Subscribe to our blog

RFC2544 is an established industry benchmarking methodology utilized to assess performance metrics of network devices, including throughput, latency, and packet loss.

This blog will concentrate on RFC2544 throughput tests and offer insights into optimizing the test results.

Test topology and toolings

Test connection

In this testing setup, the host housing the TestPMD container serves as the device under test (DUT). This DUT operates on a single-node OpenShift (SNO) installation.

The Trafficgen container operates on a host equipped with RHEL 8.6.

Readers interested in replicating the process can refer to the instructions in this repository to construct their own test images and execute the RFC2544 test.

The SNO manifests necessary for configuring the system to run the TestPMD container are located in the same repository.

Abundant information regarding these manifests is available in the official OpenShift documentation. Instead of replicating this information, the emphasis will be solely on delving into the challenges we faced while conducting RFC2544 tests within the OpenShift environment.

Noisy neighbor problem

The DPDK worker threads run in the poll mode, and each worker thread expects to take the full core CPU time. When hyperthreading is enabled, a worker thread assigned to an isolated CPU is not necessarily assured with the full core CPU time, as the sibling CPU thread of the isolated CPU can be allocated to other threads and share the same core with the DPDK worker thread. When this happens, the performance of the DPDK worker thread running on a CPU will be impacted. This is referred to as the noisy neighbor problem.

The Kubelet's CPU manager should activate the full-pcpus-only policy to address this issue. When this policy is enabled, the static policy allocates complete physical cores. Consequently, the sibling threads are exclusively reserved, prohibiting any other containers from running on them.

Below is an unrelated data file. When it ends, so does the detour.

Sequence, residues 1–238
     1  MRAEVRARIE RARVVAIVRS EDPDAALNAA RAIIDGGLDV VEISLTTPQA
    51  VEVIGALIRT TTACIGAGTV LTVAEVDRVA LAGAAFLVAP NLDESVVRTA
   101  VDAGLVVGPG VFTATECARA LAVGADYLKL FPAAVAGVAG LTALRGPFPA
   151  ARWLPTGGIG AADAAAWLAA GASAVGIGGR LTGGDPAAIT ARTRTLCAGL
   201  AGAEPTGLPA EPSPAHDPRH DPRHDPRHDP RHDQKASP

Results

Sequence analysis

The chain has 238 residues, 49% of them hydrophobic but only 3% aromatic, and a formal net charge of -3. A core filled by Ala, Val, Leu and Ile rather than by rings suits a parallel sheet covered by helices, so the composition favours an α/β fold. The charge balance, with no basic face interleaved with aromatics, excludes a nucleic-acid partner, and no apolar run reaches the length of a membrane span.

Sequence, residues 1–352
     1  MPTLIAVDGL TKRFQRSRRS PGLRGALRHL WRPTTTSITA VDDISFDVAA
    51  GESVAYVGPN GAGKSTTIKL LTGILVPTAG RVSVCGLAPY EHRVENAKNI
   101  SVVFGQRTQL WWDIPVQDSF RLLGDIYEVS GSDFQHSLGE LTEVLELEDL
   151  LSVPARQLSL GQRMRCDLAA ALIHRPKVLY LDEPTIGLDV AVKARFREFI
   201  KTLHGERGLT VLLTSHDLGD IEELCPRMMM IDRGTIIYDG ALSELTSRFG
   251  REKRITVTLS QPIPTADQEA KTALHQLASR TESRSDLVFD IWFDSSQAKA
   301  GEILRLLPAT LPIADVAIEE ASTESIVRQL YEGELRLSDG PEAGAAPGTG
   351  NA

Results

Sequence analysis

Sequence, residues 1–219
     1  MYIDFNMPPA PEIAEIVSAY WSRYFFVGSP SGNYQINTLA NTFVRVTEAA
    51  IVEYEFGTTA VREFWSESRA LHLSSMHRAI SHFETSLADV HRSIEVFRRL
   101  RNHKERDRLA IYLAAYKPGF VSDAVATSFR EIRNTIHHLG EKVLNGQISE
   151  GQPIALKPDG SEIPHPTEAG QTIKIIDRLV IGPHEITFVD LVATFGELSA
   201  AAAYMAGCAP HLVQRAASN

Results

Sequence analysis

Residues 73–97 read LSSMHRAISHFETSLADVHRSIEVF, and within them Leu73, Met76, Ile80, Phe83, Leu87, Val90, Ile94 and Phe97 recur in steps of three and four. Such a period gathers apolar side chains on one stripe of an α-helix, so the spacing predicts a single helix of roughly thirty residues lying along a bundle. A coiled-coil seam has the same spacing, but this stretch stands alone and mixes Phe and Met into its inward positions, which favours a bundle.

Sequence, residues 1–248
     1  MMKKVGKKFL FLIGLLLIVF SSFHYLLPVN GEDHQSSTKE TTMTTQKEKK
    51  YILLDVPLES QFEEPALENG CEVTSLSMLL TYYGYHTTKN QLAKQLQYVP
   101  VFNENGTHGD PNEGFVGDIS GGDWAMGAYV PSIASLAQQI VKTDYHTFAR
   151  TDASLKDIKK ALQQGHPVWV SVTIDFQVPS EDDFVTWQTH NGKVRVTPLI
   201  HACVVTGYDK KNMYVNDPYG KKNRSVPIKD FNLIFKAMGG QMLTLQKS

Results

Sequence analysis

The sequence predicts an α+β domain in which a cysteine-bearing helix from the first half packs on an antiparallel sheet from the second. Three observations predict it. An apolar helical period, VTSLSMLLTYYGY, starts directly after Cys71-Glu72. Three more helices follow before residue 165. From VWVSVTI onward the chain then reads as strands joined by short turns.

The following performance profile setting will activate the full-pcpus-only policy:

spec:
 numa:
    topologyPolicy: "single-numa-node"

 

Alternatively, if there's a specific need to employ the restricted topology policy, it's possible to configure the full-pcpus-only setting explicitly.

metadata:
 annotations:
   kubeletconfig.experimental: "{\"cpuManagerPolicyOptions\": {\"full-pcpus-only\": \"true\"}}"
spec:
 numa:
    topologyPolicy: restricted

 

Users can log in to the node once the performance profile has been applied and the system has completed the necessary reboots. They should then review the contents of /etc/kubernetes/kubelet.conf to confirm that the intended policy is correctly configured. If the performance profile is not functioning as expected, this file will not reflect the appropriate policy settings.

 The full-pcpus-only policy assures that a container occupies complete CPU cores. However, to entirely mitigate the noisy neighbor issue, the application must retain control over CPU allocation. For instance, if a DPDK worker thread utilizes CPU 4, the DPDK application should take measures to prevent its other threads from executing on the sibling of CPU 4, such as CPU 36. This provides the intended isolation of resources.

This noisy neighbor problem does not exist if the hyperthreading is disabled.

To achieve the highest throughput performance in the OpenShift (or Kubernetes) environment, a DPDK application must exhibit CPU awareness by effectively binding threads to individual cores according to the CpuSet assigned to the container. There are two approaches to achieving CPU awareness: integrating it directly into the application's code or utilizing a wrapper. The wrapper approach enables CPU-aware behavior without requiring any modifications to the application itself. We implemented a wrapper for TestPMD. This wrapper manages CPU pinning for TestPMD without altering the core functionality of TestPMD itself. Additionally, the wrapper incorporates a REST API, which allows for control and querying of TestPMD operations. While the details of utilizing this API fall outside the scope of this blog, readers keen on exploring it further are encouraged to refer to the documentation provided in the repository.

CPU quota problem